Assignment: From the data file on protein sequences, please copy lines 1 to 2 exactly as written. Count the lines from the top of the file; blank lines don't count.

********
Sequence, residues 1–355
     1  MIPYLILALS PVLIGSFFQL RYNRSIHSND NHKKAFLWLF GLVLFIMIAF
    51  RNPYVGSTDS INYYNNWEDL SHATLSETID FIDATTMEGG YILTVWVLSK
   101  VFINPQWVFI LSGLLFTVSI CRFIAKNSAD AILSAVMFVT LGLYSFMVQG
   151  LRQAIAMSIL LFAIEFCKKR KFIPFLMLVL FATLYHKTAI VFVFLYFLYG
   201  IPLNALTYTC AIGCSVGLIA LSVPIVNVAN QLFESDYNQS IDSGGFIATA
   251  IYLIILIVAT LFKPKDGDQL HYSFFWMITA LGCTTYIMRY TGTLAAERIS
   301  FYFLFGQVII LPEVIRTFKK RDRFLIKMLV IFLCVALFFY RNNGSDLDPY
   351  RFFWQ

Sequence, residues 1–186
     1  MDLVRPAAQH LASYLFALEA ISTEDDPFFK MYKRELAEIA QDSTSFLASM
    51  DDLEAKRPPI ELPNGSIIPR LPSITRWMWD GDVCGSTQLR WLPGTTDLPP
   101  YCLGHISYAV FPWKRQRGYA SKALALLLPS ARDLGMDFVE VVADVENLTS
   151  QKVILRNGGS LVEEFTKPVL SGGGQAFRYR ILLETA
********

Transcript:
Sequence, residues 1–355
     1  MIPYLILALS PVLIGSFFQL RYNRSIHSND NHKKAFLWLF GLVLFIMIAF